It was too quiet. Usually her pencil flew across the page, eager to write with me. Today, however, was different. She sat morosely, sniffing, pencil frozen. I tried my hand at light-heartedness -silence; I showed her my poem in progress – silence; I nudged her with an idea – silence. 15 minutes later, the situation hadn’t improved. Time to text mom: “Please come now.” We waited under a heavy blanket of awkwardness. All smiles, mom came in and daughter burst into tears. She didn’t want to do poetry and listed the reasons why it was too much to surmount. Wise and patient, I was privileged to watch this mom calm her daughter, listen to her, empathize with her and then to tell her that she WAS going to do it. I was surprised, but pleasantly so. Willing to forgo a lesson that was pushing too many buttons, I set it aside as this mom insisted that her daughter push through her fears and uncomfortable perceptions and work harder. I was impressed.
So often, I see how we parents are too quick to give our kids a pass on something that the child deems too hard. In actuality, it is my firm belief that our kids are much stronger and more resilient than we give them credit for. This mom knew that. Happily, she’s not the only one. A few years ago, Terri knew that her son needed one-on-one instruction. She was right. Schooled that way, he blossomed and covered two year’s content in one year (and the next and the next). Pam knew that her son needed a boost, someone to encourage him and hold him accountable. Laura knew that after a year of single instruction, her son needed a peer group. Bethany knew that though her son felt he couldn’t work at a certain level, she put him where he’d be challenged and now he’s so proud of the work he is capable of doing.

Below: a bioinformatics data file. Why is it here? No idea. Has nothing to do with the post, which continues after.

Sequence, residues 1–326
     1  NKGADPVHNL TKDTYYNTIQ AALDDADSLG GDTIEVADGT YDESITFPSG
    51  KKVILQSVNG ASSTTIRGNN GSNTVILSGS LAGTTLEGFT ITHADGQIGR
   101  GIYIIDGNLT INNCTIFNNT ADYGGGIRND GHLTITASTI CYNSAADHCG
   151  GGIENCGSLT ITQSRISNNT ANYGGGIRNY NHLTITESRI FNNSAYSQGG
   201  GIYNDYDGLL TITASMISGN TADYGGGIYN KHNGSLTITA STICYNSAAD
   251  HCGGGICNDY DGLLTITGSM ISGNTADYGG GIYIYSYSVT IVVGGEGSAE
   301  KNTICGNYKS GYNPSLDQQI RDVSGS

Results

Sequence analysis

These moms knew best! What I value about them is that they know their children. They know when to push and when to back off; when to wait and when to nudge. Allowing your child to make some of their educational decisions is considerate; but making the tough ones for them based on what is seen in them is wise.
My own son is a little smarty-pants and a fantastic reader (I burst with pride) but he won’t sign up for a challenge. So, I created one for him. It was as simple as handing him a fat book with a “Here. Read this. I give you a month.” His eyes gaped at Roots – the most obese book on our shelves. Other adults, feeling sorry for this kid’s poor predicament, lamented that even they, great readers that they are, hadn’t read that book. I toyed with the idea of letting him off the hook, especially since it was paired with his lack of verve. But I remembered these moms I admire and kept the expectation that he would finish it. Wouldn’t you know it? He did. And now I hear him referencing it proudly. And as for my student who cried over writing poetry? She dug deep and found that not only could she do it, but she did it so well that her peers admired her for her skill.
My kids aren’t old enough quite yet to realize how their mom has them figured out. True, they surprise me sometimes, but I want to be the first one to say “You can do this.” Sometimes we need to give them the mercy of bowing out of something, but more often then not, when all that seemed too hard is said and done, when they’ve listened to their moms, they’ll see that mom was right.